To Learn More About Endometrial Cancer
For more information from the
Endometrial Cancer Home Page
What You Need to Know About? Cancer of the Uterus
Endometrial Cancer Prevention
Endometrial Cancer Screening
Tamoxifen: Questions and Answers
What You Need to Know About? Cancer
Understanding Cancer Series: Cancer
Chemotherapy and You: Support for People With Cancer
Radiation Therapy and You: Support for People With Cancer
Coping with Cancer: Supportive and Palliative Care
Information For Survivors/Caregivers/Advocates
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Changes to This Summary (09/09/2011)
Changes were made to this summary to match those made to the health professional version.
PDQ is a comprehensive cancer database available on NCI's Web site.
PDQ is the National Cancer Institute's (NCI's) comprehensive cancer information database. Most of the information contained in PDQ is available online at NCI's Web site. PDQ is provided as a service of the NCI. The NCI is part of the National Institutes of Health, the federal government's focal point for biomedical research.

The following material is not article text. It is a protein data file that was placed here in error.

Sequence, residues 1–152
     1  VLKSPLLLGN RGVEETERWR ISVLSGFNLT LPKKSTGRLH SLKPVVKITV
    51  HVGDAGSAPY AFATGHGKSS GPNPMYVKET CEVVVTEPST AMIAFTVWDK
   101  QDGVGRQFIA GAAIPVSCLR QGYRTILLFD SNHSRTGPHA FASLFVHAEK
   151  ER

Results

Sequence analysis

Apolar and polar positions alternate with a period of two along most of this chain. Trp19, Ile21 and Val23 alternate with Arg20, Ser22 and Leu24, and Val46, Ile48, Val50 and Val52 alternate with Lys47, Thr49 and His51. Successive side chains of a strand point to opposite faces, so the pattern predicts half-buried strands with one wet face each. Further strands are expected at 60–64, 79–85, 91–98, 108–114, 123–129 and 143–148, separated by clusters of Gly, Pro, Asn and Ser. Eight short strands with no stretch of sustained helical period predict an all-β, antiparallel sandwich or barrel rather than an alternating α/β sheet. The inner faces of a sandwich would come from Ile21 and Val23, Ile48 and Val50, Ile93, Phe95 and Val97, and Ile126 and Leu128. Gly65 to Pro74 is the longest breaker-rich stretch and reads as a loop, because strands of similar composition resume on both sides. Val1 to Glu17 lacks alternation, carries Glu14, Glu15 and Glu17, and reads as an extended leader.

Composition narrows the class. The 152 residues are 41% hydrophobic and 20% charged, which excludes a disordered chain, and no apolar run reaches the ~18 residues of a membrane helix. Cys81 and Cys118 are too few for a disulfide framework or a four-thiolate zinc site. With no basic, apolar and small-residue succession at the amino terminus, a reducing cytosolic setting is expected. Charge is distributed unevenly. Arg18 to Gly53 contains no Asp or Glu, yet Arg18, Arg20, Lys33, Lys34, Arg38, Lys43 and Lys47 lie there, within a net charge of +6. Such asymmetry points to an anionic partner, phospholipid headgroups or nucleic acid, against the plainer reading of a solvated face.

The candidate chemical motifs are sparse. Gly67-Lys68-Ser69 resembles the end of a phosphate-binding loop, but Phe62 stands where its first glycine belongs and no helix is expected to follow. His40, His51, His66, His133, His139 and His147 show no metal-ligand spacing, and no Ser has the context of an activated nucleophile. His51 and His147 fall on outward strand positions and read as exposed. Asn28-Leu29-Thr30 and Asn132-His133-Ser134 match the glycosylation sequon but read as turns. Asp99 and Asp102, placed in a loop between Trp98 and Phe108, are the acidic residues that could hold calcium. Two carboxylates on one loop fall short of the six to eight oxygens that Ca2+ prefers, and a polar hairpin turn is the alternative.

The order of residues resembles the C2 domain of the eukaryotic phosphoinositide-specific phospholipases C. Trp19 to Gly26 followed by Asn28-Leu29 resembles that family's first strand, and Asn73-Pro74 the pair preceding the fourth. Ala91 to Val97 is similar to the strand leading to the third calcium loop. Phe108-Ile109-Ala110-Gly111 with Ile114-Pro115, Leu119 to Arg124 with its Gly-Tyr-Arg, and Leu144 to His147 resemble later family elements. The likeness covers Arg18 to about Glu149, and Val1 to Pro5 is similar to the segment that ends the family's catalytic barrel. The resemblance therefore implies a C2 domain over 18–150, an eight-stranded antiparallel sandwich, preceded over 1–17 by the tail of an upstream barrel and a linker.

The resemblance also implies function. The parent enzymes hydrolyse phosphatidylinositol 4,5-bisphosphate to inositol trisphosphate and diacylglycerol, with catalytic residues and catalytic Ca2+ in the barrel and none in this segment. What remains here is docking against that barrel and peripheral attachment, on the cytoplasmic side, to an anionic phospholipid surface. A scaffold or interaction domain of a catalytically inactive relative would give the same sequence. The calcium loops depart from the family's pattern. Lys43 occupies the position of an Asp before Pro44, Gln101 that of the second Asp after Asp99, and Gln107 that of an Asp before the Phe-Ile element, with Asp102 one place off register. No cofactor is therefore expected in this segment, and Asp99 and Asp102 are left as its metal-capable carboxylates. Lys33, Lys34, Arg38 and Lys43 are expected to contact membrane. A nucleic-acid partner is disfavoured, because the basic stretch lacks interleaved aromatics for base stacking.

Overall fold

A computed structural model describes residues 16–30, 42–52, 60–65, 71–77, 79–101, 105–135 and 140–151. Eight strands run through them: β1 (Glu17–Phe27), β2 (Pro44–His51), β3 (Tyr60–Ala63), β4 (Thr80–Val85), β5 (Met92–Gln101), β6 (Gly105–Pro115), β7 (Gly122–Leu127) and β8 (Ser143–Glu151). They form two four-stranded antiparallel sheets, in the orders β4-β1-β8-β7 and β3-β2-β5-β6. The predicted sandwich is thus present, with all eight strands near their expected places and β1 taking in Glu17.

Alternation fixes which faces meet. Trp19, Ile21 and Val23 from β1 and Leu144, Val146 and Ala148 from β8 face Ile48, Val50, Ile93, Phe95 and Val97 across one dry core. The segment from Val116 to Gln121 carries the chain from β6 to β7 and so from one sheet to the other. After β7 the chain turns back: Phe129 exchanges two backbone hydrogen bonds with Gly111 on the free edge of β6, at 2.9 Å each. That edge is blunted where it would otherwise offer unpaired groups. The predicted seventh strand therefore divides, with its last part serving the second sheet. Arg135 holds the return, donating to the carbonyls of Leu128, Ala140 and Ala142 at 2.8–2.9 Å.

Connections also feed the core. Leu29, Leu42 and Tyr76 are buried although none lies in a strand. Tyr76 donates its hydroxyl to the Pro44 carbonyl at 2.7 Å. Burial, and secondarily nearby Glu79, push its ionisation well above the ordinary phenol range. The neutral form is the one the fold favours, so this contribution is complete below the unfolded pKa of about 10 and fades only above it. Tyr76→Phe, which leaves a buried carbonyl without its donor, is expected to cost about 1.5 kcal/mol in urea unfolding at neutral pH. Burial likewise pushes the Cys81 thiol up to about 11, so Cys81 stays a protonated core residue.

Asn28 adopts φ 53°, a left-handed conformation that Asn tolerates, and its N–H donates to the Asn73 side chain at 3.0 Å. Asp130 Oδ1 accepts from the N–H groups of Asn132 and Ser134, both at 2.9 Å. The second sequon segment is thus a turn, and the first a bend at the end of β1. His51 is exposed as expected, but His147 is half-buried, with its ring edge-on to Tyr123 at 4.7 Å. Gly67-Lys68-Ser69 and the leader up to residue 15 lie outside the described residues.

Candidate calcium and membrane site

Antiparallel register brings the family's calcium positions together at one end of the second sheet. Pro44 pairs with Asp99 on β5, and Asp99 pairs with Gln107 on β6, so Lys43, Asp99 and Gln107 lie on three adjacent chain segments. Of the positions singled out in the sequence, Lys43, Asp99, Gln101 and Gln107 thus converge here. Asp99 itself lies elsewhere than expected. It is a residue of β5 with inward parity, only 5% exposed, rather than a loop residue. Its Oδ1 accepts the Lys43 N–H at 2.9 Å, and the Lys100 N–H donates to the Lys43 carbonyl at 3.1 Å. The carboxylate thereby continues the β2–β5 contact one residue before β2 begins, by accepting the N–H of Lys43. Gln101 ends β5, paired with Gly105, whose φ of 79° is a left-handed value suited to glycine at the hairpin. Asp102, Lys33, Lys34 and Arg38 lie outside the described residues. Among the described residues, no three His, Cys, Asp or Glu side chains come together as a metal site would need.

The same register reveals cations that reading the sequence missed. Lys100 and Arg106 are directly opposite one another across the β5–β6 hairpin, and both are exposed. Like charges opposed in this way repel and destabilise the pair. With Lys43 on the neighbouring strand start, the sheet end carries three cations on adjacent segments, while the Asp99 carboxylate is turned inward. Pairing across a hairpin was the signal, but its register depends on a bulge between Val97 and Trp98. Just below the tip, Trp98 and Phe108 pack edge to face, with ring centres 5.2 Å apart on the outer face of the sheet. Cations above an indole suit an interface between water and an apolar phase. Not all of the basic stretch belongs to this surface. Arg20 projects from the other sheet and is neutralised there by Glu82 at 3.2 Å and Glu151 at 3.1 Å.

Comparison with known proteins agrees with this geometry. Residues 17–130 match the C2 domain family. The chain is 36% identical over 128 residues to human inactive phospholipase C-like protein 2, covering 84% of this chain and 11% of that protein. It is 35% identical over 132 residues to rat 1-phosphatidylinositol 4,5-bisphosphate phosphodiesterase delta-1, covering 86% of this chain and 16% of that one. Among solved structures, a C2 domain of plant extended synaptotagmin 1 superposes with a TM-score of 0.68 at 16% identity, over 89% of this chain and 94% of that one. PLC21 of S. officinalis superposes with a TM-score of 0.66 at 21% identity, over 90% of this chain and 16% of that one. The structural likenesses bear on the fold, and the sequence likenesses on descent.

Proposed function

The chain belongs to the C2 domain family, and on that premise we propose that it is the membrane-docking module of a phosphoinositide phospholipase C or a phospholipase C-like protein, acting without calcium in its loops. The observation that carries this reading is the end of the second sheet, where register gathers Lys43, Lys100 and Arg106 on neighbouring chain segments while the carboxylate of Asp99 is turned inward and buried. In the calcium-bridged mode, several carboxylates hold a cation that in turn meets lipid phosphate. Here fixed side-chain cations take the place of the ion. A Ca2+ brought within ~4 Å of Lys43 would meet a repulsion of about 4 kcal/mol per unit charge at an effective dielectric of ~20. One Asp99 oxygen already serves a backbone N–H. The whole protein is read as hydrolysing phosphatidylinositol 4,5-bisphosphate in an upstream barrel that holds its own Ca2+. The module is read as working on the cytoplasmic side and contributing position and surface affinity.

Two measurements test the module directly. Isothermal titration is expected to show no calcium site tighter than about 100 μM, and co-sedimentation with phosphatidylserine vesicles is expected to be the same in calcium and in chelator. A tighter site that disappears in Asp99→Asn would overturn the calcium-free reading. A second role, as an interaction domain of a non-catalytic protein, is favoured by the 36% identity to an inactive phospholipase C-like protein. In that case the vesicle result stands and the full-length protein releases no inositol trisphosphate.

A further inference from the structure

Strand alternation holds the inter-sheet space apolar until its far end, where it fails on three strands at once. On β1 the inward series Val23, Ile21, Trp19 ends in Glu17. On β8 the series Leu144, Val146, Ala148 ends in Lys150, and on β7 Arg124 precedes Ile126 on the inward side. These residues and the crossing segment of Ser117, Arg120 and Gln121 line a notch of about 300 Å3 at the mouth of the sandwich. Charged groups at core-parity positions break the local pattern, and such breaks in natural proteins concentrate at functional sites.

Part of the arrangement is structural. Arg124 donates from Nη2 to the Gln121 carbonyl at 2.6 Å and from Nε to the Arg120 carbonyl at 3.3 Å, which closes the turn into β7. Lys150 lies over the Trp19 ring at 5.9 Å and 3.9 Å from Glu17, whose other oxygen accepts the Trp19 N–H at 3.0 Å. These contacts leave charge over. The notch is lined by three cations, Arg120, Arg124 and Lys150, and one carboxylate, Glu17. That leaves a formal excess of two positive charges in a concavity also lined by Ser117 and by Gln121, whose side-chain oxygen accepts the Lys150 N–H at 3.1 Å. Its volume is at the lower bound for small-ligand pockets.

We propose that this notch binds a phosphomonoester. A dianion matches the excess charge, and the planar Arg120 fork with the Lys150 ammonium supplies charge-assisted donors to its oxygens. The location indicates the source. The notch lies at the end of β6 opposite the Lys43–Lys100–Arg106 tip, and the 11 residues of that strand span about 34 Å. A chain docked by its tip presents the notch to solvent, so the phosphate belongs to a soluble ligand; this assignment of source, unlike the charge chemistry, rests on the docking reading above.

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PDQ also contains information on clinical trials.
A clinical trial is a study to answer a scientific question, such as whether one treatment is better than another. Trials are based on past studies and what has been learned in the laboratory. Each trial answers certain scientific questions in order to find new and better ways to help cancer patients. During treatment clinical trials, information is collected about the effects of a new treatment and how well it works. If a clinical trial shows that a new treatment is better than one currently being used, the new treatment may become "standard." Patients may want to think about taking part in a clinical trial. Some clinical trials are open only to patients who have not started treatment.